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Robert Kehoe speaks with the New England Revolution’s rookie sensation ahead of the MLS Cup final

15200058575_230ecf18aa_z (1)Few products of the American college system show as much promise as Patrick Mullins.

On Sunday, the twenty-two-year-old forward has a chance to win the MLS Cup in his rookie season with the New England Revolution, just one year after Mullins’s Maryland Terrapins fell to Notre Dame in the NCAA’s 2013 College Cup final. In his first year with the Revs, Mullins has scored four goals in 21 appearances, playing a vital role in one of the most remarkable season turn arounds in the league’s history. Eight by Eight‘s Robert Kehoe spoke with Mullins ahead of the MLS Cup about his transition into the MLS, the culture of the Revs, and the impact of his team’s latest arrival, Jermaine Jones.

Thinking about where you were a year ago, you would have been preparing for a quarterfinal match in the College Cup. How does it feel to be heading out to Los Angeles for the MLS Cup Final one year later?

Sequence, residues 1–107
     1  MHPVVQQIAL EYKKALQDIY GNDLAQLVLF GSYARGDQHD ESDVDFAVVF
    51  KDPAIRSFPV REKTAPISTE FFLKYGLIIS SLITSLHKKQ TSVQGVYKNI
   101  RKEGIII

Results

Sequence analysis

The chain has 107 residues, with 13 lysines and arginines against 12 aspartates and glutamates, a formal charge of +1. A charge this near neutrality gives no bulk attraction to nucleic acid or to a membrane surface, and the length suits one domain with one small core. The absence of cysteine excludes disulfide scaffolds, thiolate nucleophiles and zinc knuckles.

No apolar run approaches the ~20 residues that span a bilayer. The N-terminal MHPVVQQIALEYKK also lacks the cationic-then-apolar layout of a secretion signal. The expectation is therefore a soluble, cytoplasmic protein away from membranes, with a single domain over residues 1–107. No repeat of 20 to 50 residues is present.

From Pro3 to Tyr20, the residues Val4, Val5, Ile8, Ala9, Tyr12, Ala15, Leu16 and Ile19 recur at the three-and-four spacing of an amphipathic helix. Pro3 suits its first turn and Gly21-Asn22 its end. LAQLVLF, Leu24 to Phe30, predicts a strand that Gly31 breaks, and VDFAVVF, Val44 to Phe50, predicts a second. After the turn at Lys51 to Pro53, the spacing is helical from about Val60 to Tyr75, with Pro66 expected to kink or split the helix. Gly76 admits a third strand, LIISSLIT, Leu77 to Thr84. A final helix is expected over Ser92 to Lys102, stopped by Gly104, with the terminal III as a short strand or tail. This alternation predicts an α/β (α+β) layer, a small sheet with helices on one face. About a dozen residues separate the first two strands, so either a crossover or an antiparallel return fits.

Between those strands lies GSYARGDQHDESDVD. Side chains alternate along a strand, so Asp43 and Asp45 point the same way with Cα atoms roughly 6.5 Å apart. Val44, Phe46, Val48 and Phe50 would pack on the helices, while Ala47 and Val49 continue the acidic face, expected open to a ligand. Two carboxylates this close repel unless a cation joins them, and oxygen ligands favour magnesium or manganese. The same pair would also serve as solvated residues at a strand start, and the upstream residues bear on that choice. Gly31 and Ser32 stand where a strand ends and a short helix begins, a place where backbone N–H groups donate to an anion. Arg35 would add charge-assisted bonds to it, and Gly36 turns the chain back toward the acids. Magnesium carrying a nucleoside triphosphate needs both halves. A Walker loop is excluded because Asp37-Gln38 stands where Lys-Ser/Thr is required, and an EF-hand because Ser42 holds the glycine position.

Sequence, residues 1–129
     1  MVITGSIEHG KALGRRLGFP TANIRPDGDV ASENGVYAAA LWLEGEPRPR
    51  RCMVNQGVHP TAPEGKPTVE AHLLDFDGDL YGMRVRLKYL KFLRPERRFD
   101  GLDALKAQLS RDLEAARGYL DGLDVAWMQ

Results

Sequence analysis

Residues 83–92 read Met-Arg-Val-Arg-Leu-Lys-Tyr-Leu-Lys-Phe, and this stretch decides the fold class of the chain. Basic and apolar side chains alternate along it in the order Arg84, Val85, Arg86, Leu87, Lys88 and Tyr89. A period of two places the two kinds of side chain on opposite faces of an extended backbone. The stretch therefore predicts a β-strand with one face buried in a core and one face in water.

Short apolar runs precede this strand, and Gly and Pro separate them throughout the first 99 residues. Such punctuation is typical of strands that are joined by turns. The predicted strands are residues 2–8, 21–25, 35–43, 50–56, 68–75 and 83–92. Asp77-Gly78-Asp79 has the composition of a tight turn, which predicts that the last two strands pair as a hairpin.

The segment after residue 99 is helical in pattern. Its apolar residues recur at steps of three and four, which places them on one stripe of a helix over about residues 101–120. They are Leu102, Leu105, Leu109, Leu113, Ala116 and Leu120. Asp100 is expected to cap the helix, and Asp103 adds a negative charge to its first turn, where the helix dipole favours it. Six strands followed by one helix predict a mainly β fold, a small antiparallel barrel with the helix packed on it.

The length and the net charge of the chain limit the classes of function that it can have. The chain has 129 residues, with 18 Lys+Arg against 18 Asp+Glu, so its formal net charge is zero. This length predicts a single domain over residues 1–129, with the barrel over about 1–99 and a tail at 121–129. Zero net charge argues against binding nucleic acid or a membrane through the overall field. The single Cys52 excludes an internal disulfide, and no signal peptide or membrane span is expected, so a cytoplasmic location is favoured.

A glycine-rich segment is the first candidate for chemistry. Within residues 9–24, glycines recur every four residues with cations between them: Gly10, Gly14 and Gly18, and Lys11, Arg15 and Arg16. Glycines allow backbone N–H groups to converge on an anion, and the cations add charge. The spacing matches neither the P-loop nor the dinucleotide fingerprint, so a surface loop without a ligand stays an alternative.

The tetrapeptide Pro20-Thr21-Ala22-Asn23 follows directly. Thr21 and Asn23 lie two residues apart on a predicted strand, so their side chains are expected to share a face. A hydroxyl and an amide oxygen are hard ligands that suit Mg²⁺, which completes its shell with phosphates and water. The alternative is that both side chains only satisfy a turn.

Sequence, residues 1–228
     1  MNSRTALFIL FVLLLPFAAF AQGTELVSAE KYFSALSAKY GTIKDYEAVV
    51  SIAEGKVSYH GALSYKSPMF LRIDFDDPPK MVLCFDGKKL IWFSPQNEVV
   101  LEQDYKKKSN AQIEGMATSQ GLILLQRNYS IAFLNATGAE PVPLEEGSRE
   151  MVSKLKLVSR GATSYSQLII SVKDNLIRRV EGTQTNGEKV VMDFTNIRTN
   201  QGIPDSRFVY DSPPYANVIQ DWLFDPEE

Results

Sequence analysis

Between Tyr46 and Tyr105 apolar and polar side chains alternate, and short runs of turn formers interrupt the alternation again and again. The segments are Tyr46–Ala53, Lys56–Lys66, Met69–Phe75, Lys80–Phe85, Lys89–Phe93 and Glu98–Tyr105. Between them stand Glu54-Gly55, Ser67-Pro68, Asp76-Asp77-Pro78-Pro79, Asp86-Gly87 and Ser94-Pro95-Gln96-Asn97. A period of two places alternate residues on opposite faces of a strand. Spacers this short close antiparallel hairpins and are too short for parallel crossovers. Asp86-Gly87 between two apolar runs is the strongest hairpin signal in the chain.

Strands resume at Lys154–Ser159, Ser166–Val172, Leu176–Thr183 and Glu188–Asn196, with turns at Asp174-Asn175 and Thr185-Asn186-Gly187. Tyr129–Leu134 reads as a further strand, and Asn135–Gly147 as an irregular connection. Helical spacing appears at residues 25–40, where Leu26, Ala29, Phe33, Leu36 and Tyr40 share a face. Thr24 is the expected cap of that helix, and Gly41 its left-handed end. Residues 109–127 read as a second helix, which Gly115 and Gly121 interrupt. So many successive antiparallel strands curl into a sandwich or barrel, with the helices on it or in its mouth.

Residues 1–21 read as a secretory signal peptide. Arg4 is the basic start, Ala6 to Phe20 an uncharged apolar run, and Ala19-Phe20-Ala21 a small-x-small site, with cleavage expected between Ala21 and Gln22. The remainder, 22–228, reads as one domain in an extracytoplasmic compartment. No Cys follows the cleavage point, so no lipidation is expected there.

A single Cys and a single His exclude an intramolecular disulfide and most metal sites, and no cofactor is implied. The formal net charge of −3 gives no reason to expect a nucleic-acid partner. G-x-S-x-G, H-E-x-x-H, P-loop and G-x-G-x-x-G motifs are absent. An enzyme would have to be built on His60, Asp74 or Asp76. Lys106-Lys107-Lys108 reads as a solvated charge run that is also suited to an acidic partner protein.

Yeah, it’s been a whirlwind of a year, and I’m really excited to have another chance to play for a championship. With Maryland and now with the Revolution, I’ve been a part of two really special teams with some special players who have made great plays to get to the finals. This year I want to win it though. I don’t want to be second best.

How do you think your college experience prepared you for the pros?

In my life whenever I’m given a chance I want to take full advantage of it, and that attitude is such a part of Maryland culture. Pursuing excellence is something a lot of people and teams talk about but they don’t actually do. At Maryland it’s both, which has had a big impact on me as a person and soccer player.

So Maryland shaped you quite a bit, but you’re also from New Orleans and lived through the horrors of hurricane Katrina. Can you tell me what that experience was like?